Orders and Market Data Content
Now that we've touched upon the infrastructure that physically transports packets, and the protocols that are used to format and process them, we'll zoom out a level and talk about what pieces of information go into data packets and how these pieces of information are commonly structured.
Brokers communicate their desires to buy/sell stocks to a venue through a menu of order types and associated parameters that the venue defines. A would-be buyer or seller of stock is typically torn between two goals: getting a favorable price, and getting the trade done quickly. Different order types allow participants to express different trade-offs and constraints relating to these competing goals.
There are a lot of important differences in the menus provided by different venues, but most are variations on a few common themes:
A market order is used to communicate an immediate desire to buy or sell, irrespective of price. When a market order to buy enters a venue, it can be immediately matched with any open orders to sell. Conversely, when a market order to sell enters a venue, it can be immediately matched with any open orders to buy. This order type represents an extremal point in the trade-off between price and time: full priority is given to executing immediately, completely insenstive to price.
Limit orders are used to express a constraint on price. The presumed goal is to execute a trade as soon as possible, within the band of acceptable prices. A limit order to buy, for example, will specify a ceiling for price, and will trade at the first opportunity to buy at or below its limit price. A limit order to sell will specify a floor for price, and will trade at the first opportunity to sell at or above its limit price.
The combination of limit orders and market orders is enough to build up some illustrative examples of trading dynamics. A market maker might have active limit orders to buy 200 shares of a stock for $10.00 a share and to sell 200 shares of the same stock for $10.02 a share. While waiting and available to be filled, these limit orders are referred to as "resting" on the order book kept by the trading venue. A buyer who wants to immediately buy 200 shares might enter a market order to buy, which will be matched against the limit order to sell at a price of $10.02.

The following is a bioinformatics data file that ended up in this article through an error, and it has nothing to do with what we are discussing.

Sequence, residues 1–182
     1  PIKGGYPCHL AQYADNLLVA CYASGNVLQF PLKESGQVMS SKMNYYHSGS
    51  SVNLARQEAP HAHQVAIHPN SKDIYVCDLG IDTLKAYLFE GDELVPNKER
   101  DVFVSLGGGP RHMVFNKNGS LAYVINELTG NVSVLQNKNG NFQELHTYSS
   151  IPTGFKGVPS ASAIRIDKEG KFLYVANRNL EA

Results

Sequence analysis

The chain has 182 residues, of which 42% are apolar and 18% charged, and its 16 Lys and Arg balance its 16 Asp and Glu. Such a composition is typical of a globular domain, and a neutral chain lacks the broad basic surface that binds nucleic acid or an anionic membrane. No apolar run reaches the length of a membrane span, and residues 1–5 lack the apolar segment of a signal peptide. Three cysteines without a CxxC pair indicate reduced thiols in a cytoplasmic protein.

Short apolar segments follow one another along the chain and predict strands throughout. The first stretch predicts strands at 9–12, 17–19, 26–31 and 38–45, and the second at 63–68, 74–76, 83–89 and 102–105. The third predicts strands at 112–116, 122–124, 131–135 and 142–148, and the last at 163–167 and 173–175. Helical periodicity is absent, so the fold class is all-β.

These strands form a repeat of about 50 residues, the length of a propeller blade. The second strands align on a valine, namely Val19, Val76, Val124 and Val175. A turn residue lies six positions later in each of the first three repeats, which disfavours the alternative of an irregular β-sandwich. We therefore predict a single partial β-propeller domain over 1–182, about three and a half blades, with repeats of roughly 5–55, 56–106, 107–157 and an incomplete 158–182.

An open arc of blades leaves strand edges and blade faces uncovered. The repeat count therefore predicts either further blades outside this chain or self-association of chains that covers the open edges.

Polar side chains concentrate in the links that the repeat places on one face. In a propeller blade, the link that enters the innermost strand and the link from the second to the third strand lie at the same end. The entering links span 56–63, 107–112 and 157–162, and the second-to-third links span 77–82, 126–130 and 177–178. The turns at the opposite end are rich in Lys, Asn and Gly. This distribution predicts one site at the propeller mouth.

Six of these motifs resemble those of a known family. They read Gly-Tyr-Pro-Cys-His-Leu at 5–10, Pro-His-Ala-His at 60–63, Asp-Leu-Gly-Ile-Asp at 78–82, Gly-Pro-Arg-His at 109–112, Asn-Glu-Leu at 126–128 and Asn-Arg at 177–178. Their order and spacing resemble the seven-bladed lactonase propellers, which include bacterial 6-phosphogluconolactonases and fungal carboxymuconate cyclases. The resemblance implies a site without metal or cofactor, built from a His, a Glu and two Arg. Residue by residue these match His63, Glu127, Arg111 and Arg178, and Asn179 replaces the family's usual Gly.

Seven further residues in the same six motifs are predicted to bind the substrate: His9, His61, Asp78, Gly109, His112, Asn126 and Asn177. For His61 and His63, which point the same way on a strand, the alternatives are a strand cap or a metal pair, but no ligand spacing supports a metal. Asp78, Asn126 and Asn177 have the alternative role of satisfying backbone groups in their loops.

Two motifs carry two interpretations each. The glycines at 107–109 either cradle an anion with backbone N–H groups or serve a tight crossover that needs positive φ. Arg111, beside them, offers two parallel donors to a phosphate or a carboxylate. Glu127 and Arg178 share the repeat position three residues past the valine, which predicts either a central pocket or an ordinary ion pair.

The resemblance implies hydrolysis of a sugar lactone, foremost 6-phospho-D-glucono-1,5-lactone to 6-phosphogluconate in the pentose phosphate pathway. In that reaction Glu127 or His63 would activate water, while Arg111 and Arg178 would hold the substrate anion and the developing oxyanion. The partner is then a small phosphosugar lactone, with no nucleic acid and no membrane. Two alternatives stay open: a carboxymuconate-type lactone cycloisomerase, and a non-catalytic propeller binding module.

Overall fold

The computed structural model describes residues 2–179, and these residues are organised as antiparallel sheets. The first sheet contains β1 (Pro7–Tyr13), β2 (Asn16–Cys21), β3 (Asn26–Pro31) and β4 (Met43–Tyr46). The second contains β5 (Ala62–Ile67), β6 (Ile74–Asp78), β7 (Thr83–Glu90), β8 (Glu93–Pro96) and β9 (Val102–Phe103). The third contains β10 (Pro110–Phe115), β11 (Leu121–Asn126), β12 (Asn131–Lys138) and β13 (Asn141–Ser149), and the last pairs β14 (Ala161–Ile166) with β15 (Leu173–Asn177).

A midpoint order is a way of delegating the determination of price to the broader market. Instead of declaring a specific limit for price, a midpoint order will execute as soon as possible at a price that is equal to or more favorable than the midpoint of the current spread. In other words, it behaves like a limit order, but where the limit is a dynamically adjusting price calculated by taking the midpoint between the highest open buy limit orders and the lowest open sell limit orders. This calculation is typically over the price limits being advertised across all exchanges (which does involve some latency as the relevant information travels from the origin exchange to the venue processing the midpoint order).
If we return to our toy example of a single market maker offering to buy 200 shares for $10.00 a share or to sell 200 shares for $10.02 dollars a share, and we assume there are no better prices available across all exchanges, the midpoint price is therefore $10.01. If a midpoint order to buy enters a venue under these circumstances, it will be willing to buy at $10.01 or lower, and therefore will not be matched against the limit order to sell at $10.02. It will wait to interact with a seller willing to sell at $10.01 or lower (which might be a market order to sell, a midpoint order to sell, etc.)
Many order types allow those submitting orders to specify additional parameters that control more of the fine-grained mechanics of how the orders behave. Limit orders can be "lit" (aka "displayed"), meaning that their sizes and limit prices are visible to other market participants who might want to take the other side of the trade, or "dark," which means they are not visible. Market makers typically use lit orders to advertise and generate trades.
Dark orders can often specify a minimum quantity, meaning that they will not execute for less than that specified number of shares. For example, an order for 1000 shares that has a minimum quantity of 500 shares can not be matched in a trade for 100 shares. It will wait until at least 500 shares can be traded at once.
Some orders can also have pushy designations like "immediate or cancel" (IOC), meaning that they must be executed immediately or not at all, or "fill or kill" (FOK), meaning that they must be executed in full or not all. There is a virtual alphabet soup of overall options, so we will not try to give a comprehensive accounting here. We will discuss more order types later to the extent that they are relevant to higher level issues of market interactions.